Having a successful football team over a season is not necessarily about doing everything right; more about doing as few things wrong as possible. It’s not about anything glamorous or stunning, it’s not about finding a clever tactic. Whilst those things help every now and then, it’s about lots and lots of small things, done well over a period of time. 

What belief, habit or behavior has most improved your life? 

Cross country running on Woodbury common. I see it as a form of meditation that allows me to get away from things. We’ve actually now got a cross-country club at work with about 10 or 15 people running either once or twice a week.  

It’s great exercise, but it’s also a great way of connecting when we’re more relaxed. We actually connect more and have better discussions on the mini bus up to the common than we do in meetings.  

For me, running is especially great when I’m feeling stressed. There’s a big difference in how well I run on a Friday compared to on a Tuesday; that’s purely down to stress. Without a doubt, making running a habit has improved my life drastically.  

If you had told me ten years ago, that I’d be cross country running, I’d have told you not to be so ridiculous; it would never happen. But it’s been fantastic for me and allows me to escape the stress, feel good and clear my mind. 

You have to find a way of being happy & energised; exercise and surround yourself with happy, positive, focused people who want the same. 

What advice would you give to a young person about to enter the real world?

I’d tell them to play to their strengths.  Don’t cheat yourself by thinking you can do everything. Don’t plan a career path too early and don’t be too clever. Understand what your strengths are and, whatever it is you’re doing, do it to the best of your ability; the progress will come. Don’t try to find a clever path, just give 100% to what you’re doing and enjoy it. If you’re committed and totally in, people will be drawn to you and you’ll get to where you want to be a lot faster than if you over plan it or over think it. Just commit and enjoy your life.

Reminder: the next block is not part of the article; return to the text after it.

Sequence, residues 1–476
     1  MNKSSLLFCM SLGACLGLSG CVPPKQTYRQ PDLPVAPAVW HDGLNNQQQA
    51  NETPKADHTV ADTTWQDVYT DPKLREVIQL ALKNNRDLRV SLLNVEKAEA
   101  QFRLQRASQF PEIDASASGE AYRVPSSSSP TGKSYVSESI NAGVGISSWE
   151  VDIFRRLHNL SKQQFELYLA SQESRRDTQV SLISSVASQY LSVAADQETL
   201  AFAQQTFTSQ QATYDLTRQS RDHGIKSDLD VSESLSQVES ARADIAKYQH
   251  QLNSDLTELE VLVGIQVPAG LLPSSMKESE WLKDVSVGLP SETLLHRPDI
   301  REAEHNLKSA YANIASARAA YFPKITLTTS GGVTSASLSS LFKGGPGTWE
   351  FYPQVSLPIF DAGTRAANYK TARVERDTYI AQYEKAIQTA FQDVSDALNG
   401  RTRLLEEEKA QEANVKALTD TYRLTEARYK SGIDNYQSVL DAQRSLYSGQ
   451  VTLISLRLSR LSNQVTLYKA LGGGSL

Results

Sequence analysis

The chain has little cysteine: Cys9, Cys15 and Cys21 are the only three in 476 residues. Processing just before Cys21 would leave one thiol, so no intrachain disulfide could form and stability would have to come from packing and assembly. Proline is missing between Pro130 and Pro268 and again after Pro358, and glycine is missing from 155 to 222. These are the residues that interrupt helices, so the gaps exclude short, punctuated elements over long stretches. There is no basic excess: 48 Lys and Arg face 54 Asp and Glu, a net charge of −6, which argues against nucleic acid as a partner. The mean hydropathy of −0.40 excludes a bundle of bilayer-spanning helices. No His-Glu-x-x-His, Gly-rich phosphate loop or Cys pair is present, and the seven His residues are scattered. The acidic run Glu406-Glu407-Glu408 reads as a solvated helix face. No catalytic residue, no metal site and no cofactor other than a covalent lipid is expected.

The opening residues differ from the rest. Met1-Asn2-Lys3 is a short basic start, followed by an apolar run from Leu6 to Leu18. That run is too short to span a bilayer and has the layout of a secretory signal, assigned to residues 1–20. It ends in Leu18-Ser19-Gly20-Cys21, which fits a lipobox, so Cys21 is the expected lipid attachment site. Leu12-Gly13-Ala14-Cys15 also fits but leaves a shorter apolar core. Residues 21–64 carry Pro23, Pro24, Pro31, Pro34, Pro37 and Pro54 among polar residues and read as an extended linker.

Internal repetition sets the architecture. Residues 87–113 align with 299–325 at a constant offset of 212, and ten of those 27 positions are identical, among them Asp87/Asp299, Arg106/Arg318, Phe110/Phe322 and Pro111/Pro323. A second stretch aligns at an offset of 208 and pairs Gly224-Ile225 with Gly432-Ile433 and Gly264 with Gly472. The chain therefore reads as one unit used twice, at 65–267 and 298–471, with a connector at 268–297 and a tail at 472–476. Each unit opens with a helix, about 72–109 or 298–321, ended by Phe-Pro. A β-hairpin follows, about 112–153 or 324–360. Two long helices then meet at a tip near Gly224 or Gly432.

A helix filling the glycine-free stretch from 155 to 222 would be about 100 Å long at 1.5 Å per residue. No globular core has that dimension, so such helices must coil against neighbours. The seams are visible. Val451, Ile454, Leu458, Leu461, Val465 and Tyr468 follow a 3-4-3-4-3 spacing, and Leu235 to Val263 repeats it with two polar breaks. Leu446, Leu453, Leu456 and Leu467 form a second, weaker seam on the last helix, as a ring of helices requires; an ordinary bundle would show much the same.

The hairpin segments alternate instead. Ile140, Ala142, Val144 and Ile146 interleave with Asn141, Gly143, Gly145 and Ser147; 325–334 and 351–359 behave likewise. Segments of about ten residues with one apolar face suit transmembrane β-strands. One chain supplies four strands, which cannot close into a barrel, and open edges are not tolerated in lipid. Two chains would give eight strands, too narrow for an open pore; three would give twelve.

In the last five years, what have you become better at saying no to?

Ironically, I’m trying to say yes more.

I’ve spent too long being over analytical and considered. I’m naturally very pessimistic but I’ll go through all the negatives so that I get to a place of positivity. Then, when I present to the players or my colleagues, I’m able to present the upside & spin the positives, because I’ve done the work and eliminated the negatives.

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When you feel overwhelmed or have temporarily lost your focus, what do you do to get it back? 

It’s all about body language. You can’t be downbeat if your body language is up.

Don’t forget though that the toughest days are the best days, because it’s then that you have a purpose; especially in football where it’s like a rollercoaster. When everything is fine, it’s easy. But when you’ve had some bad times, some bad results, people can begin to lose faith.

Even if you’re overwhelmed, so long as you have clarity and you know what you want, you’ve got a chance. If you’re waiting for certainty to hit you, before you decide what to do, you’re beat. You have to get clarity and you have to accept that you might also get some things wrong. It’s when things are tough you have to remind yourself that they are the best days to get out of bed in the morning.


Keep up to date with Exeter City Football Club, visit exetercityfc.co.uk